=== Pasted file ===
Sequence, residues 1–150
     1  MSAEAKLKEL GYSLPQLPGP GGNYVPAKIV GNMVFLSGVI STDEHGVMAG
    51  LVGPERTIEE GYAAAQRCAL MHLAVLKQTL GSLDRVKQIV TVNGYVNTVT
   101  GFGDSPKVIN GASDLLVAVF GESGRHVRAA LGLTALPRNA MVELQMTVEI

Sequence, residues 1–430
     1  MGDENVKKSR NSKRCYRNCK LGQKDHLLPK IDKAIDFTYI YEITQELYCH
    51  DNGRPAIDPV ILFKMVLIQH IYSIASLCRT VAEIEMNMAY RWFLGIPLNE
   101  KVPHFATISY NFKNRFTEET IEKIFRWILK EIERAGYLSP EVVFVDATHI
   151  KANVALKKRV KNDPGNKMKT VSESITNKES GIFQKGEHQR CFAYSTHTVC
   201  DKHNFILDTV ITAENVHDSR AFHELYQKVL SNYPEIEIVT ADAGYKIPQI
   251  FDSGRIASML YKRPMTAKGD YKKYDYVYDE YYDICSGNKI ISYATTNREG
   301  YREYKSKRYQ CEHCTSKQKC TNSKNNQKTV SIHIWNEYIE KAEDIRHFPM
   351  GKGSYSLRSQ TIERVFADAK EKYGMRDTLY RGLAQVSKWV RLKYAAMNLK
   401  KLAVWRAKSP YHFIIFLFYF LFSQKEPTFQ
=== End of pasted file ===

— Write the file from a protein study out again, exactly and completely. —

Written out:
Sequence, residues 1–150
     1  MSAEAKLKEL GYSLPQLPGP GGNYVPAKIV GNMVFLSGVI STDEHGVMAG
    51  LVGPERTIEE GYAAAQRCAL MHLAVLKQTL GSLDRVKQIV TVNGYVNTVT
   101  GFGDSPKVIN GASDLLVAVF GESGRHVRAA LGLTALPRNA MVELQMTVEI

Sequence, residues 1–430
     1  MGDENVKKSR NSKRCYRNCK LGQKDHLLPK IDKAIDFTYI YEITQELYCH
    51  DNGRPAIDPV ILFKMVLIQH IYSIASLCRT VAEIEMNMAY RWFLGIPLNE
   101  KVPHFATISY NFKNRFTEET IEKIFRWILK EIERAGYLSP EVVFVDATHI
   151  KANVALKKRV KNDPGNKMKT VSESITNKES GIFQKGEHQR CFAYSTHTVC
   201  DKHNFILDTV ITAENVHDSR AFHELYQKVL SNYPEIEIVT ADAGYKIPQI
   251  FDSGRIASML YKRPMTAKGD YKKYDYVYDE YYDICSGNKI ISYATTNREG
   301  YREYKSKRYQ CEHCTSKQKC TNSKNNQKTV SIHIWNEYIE KAEDIRHFPM
   351  GKGSYSLRSQ TIERVFADAK EKYGMRDTLY RGLAQVSKWV RLKYAAMNLK
   401  KLAVWRAKSP YHFIIFLFYF LFSQKEPTFQ